Change is afoot at banking giant PNC Financial (NYSE:PNC). But with that change coming in the form of longtime PNC veteran James Rohr -- 40-plus years at the bank! -- stepping down as CEO, should investors be concerned?
To be sure, it wasn't always perfectly smooth sailing during the 20-plus years that Rohr was CEO. In 2002, for example, the company ran into some serious regulatory headaches, thanks to off-balance-sheet activities with insurance giant AIG. However, if we look back at the past decade, it's hard to miss the fact that PNC's tangible book value per share has tripled. Investors haven't seen huge stock returns, though, because valuation multiples are much lower than they were in the early 2000s -- an outcome that we can hardly lay at Rohr's feet.
The growth at PNC has been the focused result of Rohr expanding the bank's presence and aggressively growing through opportunistic acquisitions. Chief among those timely buys was National City, which ran into major problems during the financial crisis, and was swept up by PNC. While particularly large, National City was far from the only scalp on Rohr's belt. Its collection also included the venerable Riggs National, which was hammered by suspicions that it ran afoul of money-laundering and terrorist-financing regulations.
In other words, investors probably shouldn't be celebrating the departure of Rohr, since he's done an admirable job as the bank's chief. However, Bill Demchak, who is stepping into Rohr's shoes at the CEO spot, has been right in the mix at the top of PNC during the past decade's growth binge. Demchak came to PNC as its CFO in 2002, following the AIG-related accounting troubles, and has since also filled the roles of President and Senior Vice Chairman.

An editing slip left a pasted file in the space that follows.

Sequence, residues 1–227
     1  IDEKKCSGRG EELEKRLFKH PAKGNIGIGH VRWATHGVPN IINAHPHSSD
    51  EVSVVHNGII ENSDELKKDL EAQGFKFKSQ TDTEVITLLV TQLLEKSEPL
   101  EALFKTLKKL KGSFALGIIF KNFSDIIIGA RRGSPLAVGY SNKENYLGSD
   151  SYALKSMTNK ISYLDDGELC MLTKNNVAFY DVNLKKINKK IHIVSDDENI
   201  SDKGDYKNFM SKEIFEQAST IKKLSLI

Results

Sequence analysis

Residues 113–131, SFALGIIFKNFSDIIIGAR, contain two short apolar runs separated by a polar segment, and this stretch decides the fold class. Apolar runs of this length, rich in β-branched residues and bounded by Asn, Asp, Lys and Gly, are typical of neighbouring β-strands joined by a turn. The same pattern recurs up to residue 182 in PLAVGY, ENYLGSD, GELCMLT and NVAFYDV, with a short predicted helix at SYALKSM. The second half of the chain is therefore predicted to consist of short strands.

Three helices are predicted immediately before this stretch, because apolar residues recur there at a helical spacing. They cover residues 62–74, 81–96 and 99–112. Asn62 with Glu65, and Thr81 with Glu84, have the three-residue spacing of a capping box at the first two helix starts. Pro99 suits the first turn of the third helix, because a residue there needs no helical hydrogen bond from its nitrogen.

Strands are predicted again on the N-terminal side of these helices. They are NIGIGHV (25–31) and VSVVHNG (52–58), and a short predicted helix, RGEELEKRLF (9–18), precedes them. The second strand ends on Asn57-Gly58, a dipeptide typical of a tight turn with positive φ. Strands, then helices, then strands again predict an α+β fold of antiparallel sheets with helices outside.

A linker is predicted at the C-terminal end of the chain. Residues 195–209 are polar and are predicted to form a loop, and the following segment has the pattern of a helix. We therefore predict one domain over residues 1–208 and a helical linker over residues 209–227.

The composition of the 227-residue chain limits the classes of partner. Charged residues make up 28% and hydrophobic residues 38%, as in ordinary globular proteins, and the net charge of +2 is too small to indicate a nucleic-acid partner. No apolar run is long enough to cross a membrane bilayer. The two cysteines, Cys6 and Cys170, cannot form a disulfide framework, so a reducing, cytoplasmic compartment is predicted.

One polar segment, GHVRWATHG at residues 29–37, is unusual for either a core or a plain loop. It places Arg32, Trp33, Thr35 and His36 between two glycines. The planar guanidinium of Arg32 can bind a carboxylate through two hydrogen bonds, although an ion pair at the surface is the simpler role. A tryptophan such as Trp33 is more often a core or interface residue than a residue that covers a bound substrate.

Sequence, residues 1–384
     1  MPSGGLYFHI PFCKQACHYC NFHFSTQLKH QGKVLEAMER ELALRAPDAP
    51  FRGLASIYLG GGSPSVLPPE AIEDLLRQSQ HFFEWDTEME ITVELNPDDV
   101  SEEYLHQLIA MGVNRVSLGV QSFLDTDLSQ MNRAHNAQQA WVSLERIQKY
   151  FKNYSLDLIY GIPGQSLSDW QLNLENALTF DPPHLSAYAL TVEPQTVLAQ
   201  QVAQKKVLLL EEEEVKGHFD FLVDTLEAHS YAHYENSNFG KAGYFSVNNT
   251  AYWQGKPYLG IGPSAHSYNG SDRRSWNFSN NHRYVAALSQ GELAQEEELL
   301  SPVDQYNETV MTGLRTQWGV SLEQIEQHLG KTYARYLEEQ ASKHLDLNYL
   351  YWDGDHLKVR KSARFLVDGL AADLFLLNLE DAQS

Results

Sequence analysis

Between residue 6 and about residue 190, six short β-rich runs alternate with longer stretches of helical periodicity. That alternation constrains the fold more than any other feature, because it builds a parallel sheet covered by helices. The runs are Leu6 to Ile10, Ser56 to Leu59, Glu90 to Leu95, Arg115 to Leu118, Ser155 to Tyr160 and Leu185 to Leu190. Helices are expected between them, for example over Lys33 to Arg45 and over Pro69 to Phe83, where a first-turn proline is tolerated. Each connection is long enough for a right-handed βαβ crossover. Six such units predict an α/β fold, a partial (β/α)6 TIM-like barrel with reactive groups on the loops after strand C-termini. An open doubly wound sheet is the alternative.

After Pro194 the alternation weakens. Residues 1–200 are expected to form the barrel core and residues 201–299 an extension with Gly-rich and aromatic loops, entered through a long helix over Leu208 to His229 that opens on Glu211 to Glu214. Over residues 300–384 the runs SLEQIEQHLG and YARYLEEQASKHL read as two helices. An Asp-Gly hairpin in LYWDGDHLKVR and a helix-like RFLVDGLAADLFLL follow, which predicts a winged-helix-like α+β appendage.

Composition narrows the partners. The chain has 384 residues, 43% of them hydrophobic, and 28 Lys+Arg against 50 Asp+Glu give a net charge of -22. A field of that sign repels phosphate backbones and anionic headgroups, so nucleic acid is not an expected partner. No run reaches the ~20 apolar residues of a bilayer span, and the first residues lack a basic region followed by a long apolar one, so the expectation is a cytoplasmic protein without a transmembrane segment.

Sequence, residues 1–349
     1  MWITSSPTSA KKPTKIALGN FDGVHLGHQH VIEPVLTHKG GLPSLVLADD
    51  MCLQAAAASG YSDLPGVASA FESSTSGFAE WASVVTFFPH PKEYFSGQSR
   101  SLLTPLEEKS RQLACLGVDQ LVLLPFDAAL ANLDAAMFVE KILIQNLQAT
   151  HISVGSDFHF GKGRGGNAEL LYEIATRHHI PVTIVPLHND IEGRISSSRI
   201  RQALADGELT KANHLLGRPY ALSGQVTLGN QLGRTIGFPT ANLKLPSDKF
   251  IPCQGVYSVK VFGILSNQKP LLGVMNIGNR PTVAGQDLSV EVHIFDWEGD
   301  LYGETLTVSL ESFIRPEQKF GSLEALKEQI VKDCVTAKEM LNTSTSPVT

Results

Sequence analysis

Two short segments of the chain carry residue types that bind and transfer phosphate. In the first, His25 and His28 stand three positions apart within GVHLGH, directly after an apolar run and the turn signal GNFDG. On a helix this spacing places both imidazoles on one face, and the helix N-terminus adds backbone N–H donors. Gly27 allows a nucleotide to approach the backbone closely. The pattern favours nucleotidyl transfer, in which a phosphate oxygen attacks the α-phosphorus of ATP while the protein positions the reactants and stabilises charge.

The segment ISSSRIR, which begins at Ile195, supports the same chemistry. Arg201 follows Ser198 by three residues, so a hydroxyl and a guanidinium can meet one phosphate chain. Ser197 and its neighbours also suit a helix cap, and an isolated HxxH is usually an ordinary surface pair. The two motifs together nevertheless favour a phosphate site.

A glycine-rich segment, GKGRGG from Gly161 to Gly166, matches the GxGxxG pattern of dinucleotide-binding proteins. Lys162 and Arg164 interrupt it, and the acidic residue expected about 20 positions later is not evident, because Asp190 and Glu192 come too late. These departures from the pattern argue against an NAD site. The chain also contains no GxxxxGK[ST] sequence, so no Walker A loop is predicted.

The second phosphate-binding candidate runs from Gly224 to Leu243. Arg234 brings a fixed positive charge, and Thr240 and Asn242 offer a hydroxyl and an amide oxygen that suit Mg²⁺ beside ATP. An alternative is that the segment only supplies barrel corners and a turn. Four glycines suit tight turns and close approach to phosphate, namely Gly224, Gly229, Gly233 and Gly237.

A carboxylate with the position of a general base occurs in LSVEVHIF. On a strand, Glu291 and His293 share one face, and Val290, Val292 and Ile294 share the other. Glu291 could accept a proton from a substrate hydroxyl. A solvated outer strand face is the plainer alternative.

So, let's get down to brass tacks: What should investors make of the transition? Quite simply, they should expect to see a continuation of PNC's current direction. That is, a move toward being a serious banking presence with a larger geographic footprint, while continuing to nurse its balance sheet back to health and wringing maximum profitability from its current operations.
Meanwhile, with the bank's stock trading at a discount to book value -- as compared to a pre-crisis valuation that topped 2x book -- it would be hard to argue that it's too late for investors to hop on for the ride.
Matt Koppenheffer owns shares of American International Group. The Motley Fool recommends American International Group. The Motley Fool owns shares of American International Group and PNC Financial Services and has the following options: Long Jan 2014 $25 Calls on American International Group. Try any of our Foolish newsletter services free for 30 days. We Fools may not all hold the same opinions, but we all believe that considering a diverse range of insights makes us better investors. The Motley Fool has a disclosure policy.